Document Type

Journal Article

Publisher

UTS

Editor(s)

Professor Alan Knight

Faculty

Faculty of Education and Arts

School

School of Communication and Arts / Centre for Research in Entertainment, Arts,Technology, Education and Communications

RAS ID

12284

Comments

This article was originally published as: Cullen, T. A. (2011). Health reporting: The missing links. ejournalist, 11(2), 137-148. Original article available here

Abstract

There is a growing interest in health stories. This is evident from both the increase of health publications and online research for health information. But how accurate and reliable are these stories. Two surveys in the United States that examined the state of online health reporting exposed the extent of spin, the lack of medical evidence and the narrow frame and context of many health stories. This last point, narrowcasting, is the main focus of this article and the research questions examine why this is so and how coverage could be widened. Using press coverage of HIV (Human Immunodeficiency Virus) as a case study, the author argues that health communication theories, and in particular, Social Change Communication (SCC), can help to widen the framing of HIV journalism and health journalism by reporting the social, economic, cultural, religious and political determinants of health. These links could be applied to coverage of other communicable and non-communicable diseases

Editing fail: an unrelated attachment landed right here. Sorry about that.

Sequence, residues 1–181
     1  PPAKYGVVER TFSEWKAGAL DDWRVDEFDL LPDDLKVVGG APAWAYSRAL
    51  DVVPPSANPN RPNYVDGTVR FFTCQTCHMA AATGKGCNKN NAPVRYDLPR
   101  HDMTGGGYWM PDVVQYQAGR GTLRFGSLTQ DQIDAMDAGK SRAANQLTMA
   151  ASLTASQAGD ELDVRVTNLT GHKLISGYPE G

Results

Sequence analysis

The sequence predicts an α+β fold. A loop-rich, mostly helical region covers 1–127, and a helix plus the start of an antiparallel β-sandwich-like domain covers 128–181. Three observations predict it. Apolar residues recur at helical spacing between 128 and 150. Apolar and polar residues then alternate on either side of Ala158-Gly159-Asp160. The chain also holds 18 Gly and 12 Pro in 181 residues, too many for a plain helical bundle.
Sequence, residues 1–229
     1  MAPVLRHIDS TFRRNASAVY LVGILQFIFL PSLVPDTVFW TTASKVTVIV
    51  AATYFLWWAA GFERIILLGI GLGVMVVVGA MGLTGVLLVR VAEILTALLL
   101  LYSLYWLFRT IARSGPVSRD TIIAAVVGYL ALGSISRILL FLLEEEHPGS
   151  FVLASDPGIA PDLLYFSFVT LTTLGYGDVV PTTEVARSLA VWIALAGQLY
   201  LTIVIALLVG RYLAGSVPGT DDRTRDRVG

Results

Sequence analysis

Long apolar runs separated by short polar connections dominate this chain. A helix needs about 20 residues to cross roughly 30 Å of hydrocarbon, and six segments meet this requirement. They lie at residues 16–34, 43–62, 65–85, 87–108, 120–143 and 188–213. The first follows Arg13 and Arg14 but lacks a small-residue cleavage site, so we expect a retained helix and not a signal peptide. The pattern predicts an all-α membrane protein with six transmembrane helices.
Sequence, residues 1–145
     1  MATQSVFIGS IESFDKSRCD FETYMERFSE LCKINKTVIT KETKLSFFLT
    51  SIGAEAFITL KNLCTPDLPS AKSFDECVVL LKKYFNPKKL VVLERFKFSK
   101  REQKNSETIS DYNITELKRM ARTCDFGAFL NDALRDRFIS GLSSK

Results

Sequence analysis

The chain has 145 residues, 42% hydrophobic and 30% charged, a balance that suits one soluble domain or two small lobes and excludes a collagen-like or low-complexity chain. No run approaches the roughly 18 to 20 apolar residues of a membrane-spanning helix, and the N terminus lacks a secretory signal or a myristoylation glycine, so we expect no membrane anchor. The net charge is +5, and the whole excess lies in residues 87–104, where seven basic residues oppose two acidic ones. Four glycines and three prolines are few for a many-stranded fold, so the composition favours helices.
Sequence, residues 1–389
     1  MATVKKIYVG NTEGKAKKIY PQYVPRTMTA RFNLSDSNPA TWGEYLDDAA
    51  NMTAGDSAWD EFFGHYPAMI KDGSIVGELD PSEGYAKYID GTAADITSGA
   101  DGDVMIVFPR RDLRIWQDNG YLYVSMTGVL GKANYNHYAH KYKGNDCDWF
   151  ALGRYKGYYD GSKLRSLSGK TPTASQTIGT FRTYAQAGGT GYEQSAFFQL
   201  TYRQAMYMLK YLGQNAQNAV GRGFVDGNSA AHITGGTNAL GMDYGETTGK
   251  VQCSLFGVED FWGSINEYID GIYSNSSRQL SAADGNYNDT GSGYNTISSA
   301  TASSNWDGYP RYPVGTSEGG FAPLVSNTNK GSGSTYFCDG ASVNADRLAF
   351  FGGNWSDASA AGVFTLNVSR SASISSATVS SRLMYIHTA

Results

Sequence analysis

Included in

Communication Commons

 
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